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## Parallel resistance

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### Parallel resistance

I recently started reading a book on basic electronics theory and came across a confusing concept. Apparently total equivalent resistance of a circuit containing parallel resistors is always less than the value of the smallest resistor. I don't understand how that is possible. How could it be that in a circuit containing two resistors, R1=1000 and R2=3000, total equivalent resistance is equal to 750 ohms. If my entire current traveled through R1 I could achieve greater resistance. Why is it that adding a resistor of even greater value would diminish my total resistance? If anyone could help me out it would be greatly appreciated.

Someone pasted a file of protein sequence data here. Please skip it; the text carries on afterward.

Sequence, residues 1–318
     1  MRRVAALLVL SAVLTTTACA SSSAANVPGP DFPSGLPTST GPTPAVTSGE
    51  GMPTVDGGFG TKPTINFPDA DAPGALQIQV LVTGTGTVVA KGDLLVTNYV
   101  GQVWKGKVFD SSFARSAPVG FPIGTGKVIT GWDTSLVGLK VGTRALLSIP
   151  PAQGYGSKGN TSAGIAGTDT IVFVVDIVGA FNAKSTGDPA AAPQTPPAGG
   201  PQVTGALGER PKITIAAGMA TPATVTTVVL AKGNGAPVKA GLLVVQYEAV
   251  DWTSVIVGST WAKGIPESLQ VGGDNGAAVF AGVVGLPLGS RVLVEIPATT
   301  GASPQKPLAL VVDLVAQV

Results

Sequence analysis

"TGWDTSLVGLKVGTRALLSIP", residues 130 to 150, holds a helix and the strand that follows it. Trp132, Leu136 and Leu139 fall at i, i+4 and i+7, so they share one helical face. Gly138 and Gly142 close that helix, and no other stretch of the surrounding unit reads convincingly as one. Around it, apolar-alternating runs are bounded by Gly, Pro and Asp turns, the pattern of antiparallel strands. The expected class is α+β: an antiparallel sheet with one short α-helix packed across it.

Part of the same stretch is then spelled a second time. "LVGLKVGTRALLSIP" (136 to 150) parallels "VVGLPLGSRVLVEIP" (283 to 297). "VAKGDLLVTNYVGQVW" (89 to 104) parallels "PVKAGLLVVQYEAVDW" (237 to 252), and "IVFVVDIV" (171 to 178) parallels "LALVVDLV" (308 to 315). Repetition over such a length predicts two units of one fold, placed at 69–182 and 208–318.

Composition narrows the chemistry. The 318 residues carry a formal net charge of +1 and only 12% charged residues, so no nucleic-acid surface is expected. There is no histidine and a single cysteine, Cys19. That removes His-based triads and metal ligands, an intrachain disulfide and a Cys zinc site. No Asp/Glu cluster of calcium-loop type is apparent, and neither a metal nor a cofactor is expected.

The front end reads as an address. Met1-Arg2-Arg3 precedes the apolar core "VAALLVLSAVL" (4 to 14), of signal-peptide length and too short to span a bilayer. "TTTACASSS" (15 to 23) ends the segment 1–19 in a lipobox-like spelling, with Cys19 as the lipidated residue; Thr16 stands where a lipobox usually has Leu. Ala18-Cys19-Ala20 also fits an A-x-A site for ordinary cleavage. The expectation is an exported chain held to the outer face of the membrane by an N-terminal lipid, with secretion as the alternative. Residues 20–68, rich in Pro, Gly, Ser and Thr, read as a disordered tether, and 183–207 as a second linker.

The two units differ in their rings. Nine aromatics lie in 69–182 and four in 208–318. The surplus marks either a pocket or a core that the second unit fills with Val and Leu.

Cube_Code

Posts: 1
Joined: Wed Jun 27, 2012 5:00 pm

### Re: Parallel resistance

According to Ohms Law the current through a resistor is proportional to the voltage acropss it, ie. Current (I) = V / R.

So if you have a supply voltage of 10V, the current through the 1000ohms resistor= .01A. And the current through the 3000ohm resistor would be .00333A. That makes the current through both resistors in parallel = .01A + .00333A = .01333A.

Again, from Ohms Law, if 10V produces a current of .01333A through the total resistance, the resistance must be 10/.0133A = 750ohms.

I hope that explains it.
pebe

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Joined: Tue Dec 09, 2003 11:12 pm
Location: Ellon, Scotland